|MadSci Network: Chemistry|
First off, the theoretical bit:
When a photon of light energy is absorbed by a compound it typically excites a pair of electrons (called, perversely, a 'singlet') from the 'ground state' to an 'excited state'. The singlet excitation changes the nature of the bond which the pair of electrons contribute to, and also causes the molecule to vibrate.
The molecule loses vibrational energy quickly (1x10^-13 s), the energy going to other bonds on the molecule, or to the solvent.
The excited state will lose energy and fall back to the ground state. If this energy is lost by emitting a photon of light energy, then the process is fluorescence.
The important thing to note is that the incoming photon, the exciting one, has more energy than the emitted one, because of the energy lost to vibration. This means that the frequency of the emitted photon is lower than the frequency of the incoming photon (energy and frequency being directly proportional - Planck's Law).
As frequency determines colour, for visible light, this means that when you shine a light of one colour on a fluorescent substance, it glows with a different colour. Obviously, colours at the high-energy end of the spectrum (ultra-violet, blue) can cause fluorescent colours at the lower end of the spectrum (green, yellow, red, infra-red, in that order) but not vice-versa.
The additives to detergents actually temporarily dye your clothes with a fluorescent dye. Normally, all you notice is the 'bluey-whiteness' caused by the ability of the dye to convert near-UV light (invisible) to blue light (visible). This makes the clothing 'whiter than white', because it actually emits more visible light than falls on it.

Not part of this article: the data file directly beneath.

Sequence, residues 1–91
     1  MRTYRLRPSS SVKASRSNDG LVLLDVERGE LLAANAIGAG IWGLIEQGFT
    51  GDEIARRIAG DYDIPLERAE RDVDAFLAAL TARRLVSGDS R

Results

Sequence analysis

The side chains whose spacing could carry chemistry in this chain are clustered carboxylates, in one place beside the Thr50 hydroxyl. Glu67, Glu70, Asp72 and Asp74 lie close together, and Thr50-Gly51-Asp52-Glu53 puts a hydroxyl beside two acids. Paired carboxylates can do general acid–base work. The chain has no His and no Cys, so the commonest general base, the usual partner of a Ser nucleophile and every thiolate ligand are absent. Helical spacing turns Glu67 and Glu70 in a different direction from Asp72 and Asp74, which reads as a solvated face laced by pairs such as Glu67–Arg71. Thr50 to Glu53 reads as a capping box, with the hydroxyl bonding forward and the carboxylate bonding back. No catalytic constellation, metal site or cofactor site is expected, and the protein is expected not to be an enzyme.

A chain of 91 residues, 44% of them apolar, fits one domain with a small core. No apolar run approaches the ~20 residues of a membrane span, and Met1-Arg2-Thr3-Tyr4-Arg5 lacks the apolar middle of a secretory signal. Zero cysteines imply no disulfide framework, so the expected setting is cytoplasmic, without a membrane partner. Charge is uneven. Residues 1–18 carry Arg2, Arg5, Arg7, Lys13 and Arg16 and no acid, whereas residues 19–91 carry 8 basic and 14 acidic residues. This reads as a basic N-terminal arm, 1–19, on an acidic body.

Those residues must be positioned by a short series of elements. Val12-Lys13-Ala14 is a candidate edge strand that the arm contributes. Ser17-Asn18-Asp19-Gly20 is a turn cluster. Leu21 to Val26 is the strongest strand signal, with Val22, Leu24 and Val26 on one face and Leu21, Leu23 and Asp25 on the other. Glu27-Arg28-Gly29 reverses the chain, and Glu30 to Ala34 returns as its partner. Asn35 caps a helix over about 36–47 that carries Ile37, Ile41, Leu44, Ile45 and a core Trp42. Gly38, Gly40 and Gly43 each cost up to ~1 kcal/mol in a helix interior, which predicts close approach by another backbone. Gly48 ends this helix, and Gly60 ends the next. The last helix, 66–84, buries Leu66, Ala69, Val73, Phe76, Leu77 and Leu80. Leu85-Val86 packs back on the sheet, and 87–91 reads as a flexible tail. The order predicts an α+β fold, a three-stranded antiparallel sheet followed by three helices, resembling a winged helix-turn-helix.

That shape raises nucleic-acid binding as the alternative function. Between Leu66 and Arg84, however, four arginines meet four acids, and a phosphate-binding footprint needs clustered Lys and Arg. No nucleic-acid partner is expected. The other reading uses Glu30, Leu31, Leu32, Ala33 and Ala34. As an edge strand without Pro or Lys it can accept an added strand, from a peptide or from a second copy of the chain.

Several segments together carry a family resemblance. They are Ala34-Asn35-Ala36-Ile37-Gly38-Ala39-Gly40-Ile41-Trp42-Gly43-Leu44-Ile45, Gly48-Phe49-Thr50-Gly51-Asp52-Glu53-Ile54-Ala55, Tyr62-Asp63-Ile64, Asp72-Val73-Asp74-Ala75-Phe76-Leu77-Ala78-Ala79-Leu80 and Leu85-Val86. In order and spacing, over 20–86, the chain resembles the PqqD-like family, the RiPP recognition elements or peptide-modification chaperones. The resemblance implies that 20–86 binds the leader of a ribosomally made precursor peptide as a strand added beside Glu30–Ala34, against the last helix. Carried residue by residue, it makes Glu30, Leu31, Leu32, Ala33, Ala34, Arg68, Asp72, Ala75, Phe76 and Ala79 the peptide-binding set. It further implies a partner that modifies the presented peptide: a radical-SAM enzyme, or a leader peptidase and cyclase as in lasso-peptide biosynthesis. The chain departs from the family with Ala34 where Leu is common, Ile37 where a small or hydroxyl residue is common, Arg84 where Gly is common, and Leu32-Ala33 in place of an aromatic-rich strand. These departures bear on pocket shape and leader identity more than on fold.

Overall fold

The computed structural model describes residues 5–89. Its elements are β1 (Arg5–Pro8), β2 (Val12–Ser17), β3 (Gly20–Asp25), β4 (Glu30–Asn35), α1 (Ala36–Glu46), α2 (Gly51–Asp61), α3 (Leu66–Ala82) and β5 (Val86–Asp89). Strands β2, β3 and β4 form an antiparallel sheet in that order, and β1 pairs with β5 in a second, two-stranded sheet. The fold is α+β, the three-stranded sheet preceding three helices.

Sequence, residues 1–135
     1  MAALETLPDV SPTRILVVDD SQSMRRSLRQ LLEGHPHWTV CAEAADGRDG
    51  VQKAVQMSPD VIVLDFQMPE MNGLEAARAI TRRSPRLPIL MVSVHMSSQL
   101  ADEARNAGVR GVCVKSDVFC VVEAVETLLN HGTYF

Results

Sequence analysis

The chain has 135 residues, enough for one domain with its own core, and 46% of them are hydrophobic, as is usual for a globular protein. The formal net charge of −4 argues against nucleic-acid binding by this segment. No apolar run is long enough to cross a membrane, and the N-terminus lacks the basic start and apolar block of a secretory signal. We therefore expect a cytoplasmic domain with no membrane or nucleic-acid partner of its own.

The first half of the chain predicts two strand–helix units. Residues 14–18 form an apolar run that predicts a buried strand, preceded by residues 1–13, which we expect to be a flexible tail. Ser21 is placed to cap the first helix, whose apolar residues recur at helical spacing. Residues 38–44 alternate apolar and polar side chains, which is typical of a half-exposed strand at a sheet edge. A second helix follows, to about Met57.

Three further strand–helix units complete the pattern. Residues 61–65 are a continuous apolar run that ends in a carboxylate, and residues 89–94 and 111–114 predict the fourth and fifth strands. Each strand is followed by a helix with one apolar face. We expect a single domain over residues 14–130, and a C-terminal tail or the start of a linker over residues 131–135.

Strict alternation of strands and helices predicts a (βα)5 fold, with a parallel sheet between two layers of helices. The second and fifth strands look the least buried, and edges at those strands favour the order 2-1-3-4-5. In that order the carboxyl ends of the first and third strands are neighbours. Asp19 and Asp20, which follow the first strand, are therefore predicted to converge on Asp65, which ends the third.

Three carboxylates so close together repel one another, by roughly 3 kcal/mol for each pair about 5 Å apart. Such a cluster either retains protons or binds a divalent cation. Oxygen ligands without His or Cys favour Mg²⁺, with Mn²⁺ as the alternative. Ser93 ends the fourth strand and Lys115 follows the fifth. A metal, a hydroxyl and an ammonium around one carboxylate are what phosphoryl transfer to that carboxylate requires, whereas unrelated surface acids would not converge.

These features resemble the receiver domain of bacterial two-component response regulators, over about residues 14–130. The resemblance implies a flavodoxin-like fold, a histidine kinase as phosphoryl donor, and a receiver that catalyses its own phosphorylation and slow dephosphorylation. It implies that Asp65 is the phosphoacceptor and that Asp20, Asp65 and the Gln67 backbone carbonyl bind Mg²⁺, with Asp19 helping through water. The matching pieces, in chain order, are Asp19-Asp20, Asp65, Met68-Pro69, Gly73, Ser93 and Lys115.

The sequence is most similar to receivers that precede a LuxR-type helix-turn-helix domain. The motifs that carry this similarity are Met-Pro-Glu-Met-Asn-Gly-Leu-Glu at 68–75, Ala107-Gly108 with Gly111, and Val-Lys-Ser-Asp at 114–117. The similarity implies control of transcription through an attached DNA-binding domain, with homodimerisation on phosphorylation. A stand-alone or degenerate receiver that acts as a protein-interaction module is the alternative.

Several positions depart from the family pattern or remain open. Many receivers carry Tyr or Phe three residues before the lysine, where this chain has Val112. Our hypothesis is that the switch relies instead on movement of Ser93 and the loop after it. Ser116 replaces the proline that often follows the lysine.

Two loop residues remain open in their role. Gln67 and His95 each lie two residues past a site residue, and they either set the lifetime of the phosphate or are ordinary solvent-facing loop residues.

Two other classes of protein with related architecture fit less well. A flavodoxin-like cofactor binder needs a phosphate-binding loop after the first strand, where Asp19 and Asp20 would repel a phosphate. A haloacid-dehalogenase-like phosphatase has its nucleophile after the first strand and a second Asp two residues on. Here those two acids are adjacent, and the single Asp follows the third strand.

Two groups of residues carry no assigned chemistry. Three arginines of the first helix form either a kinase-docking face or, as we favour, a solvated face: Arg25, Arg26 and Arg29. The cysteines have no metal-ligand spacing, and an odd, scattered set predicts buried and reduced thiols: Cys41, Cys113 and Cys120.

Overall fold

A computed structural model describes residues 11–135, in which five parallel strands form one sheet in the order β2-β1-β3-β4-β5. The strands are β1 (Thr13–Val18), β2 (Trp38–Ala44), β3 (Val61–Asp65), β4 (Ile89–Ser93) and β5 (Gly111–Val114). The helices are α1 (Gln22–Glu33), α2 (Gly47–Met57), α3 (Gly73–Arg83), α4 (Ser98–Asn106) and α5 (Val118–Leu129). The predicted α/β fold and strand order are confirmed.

Beware, however, wearing such clothes in a nightclub! The UV lights commonly used there will make the dye light up like a beacon, and as there is no visible light to mask the effect, it looks very obvious. Or maybe that is just the effect you're after?
Confession time: I haven't been able to find any actual structures of the chemicals added to detergents. As I recall, they are conjugated aromatic compounds, which means that they have benzene rings fused together. Such compounds have a profusion of alternating double and single carbon-carbon bonds which allow singlets to occupy a wide range of excited states. It is this range of options for excited states that allows the compound to absorb light of many different frequencies and then emit it as fluorescence.
If it was the structures you were after, then I guess I've failed to answer. Sorry. All I can suggest is to submit a second question!
Admin note: Calcofluor white (formula C40H42N12O10S2Na2) is one common whitener. It sticks to many natural fibers, producing the "whiter than white" effect, as above.
-L. Bry, MadSci Admin
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